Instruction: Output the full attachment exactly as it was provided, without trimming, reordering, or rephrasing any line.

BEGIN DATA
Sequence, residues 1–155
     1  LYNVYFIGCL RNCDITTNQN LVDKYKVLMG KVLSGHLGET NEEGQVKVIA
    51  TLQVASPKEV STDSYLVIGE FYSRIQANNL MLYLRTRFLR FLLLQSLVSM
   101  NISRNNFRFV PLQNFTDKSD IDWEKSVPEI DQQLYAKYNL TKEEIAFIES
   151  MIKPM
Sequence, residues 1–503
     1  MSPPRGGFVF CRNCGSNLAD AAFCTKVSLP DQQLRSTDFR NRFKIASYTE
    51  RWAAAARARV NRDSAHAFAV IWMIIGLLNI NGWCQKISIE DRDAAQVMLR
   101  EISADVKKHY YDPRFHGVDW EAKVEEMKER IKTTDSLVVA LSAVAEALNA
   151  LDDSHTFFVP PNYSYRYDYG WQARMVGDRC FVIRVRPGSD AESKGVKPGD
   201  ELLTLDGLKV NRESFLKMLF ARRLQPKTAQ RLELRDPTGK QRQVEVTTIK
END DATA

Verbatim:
Sequence, residues 1–155
     1  LYNVYFIGCL RNCDITTNQN LVDKYKVLMG KVLSGHLGET NEEGQVKVIA
    51  TLQVASPKEV STDSYLVIGE FYSRIQANNL MLYLRTRFLR FLLLQSLVSM
   101  NISRNNFRFV PLQNFTDKSD IDWEKSVPEI DQQLYAKYNL TKEEIAFIES
   151  MIKPM
Sequence, residues 1–503
     1  MSPPRGGFVF CRNCGSNLAD AAFCTKVSLP DQQLRSTDFR NRFKIASYTE
    51  RWAAAARARV NRDSAHAFAV IWMIIGLLNI NGWCQKISIE DRDAAQVMLR
   101  EISADVKKHY YDPRFHGVDW EAKVEEMKER IKTTDSLVVA LSAVAEALNA
   151  LDDSHTFFVP PNYSYRYDYG WQARMVGDRC FVIRVRPGSD AESKGVKPGD
   201  ELLTLDGLKV NRESFLKMLF ARRLQPKTAQ RLELRDPTGK QRQVEVTTIK